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Quentin Tarantino’s ‘Imaginary Rick Dalton Films’ Book is Complete; Wants to Novelize ‘True Romance’

If Quentin Tarantino does one thing well is announce a plethora of never-seen projects that immediately get everyone excited as soon as he talks about them. On an Empire podcast with filmmaker Edgar Wright, the Once Upon a Time in Hollywood director announced two projects that are sure to excite fans of OUATIH, or Tony Scott‘s True Romance, which Tarantino wrote.

First, Tarantino revealed that he completed a book titled The Man Who Would Be McQueen: The Films of Rick Dalton, which he describes as the following: “You know those books you could get in the ‘70s, the Films Of Charles Bronson, Anthony Quinn, that format they came in? Well, this is that.” The book begins with a quick biography of Dalton’s life, before going through his entire imaginary career, mapping out every single film and television show he starred in, featuring fake reviews of each project until Dalton’s “retirement” in 1988.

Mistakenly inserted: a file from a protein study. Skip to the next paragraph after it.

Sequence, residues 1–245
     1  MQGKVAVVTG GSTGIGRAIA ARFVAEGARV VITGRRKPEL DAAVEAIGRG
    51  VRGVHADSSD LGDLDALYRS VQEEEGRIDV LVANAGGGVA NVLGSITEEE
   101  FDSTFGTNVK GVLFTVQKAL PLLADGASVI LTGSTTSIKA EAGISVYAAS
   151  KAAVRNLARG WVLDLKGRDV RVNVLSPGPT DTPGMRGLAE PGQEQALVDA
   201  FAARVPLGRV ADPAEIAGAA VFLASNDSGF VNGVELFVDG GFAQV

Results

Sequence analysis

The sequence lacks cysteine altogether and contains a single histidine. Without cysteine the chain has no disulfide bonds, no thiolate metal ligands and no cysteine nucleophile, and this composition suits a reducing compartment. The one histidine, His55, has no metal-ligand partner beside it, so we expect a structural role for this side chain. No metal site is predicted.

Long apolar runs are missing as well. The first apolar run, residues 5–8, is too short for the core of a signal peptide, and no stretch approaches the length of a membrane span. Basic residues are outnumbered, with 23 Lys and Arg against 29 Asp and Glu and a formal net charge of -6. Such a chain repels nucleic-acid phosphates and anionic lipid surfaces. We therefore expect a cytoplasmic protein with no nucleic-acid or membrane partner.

The book would be written by a fictitious Tarantino that exists in the OUATIH universe, where “In this pretext, Rick retires and moves to Hawaii. And in 1998, I go to the Hawaii International Film Festival, and Roger Ebert’s there. This spurs me to write an appreciation of his career called, ‘The Man Who Would Be McQueen: The Films of Rick Dalton.’ It’s all written. It exists.” Sounds ambitious, but if anyone can make it work, it’s definitely Tarantino.

The writer/director also expressed interest in novelizing True Romance, after doing the same thing with OUATIH, and considers finishing a Reservoir Dogs novelization he started a few years ago. That’s the problem with Tarantino, he announces so many things it’s hard to keep track on what exactly he’s working, but these announcements, especially an imaginary Rick Dalton book where all of his fake movies/TV shows are mapped out, are pretty cool and could give us a glimpse on what the filmmaker will work on for the next year before his potential last film…

Source: The Playlist

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Written by Maxance Vincent

Maxance Vincent is a freelance film and TV critic, and a recent graduate of a BFA in Film Studies at the Université de Montréal. He is currently finishing a specialization in Video Game Studies, focusing on the psychological effects regarding the critical discourse on violent video games.

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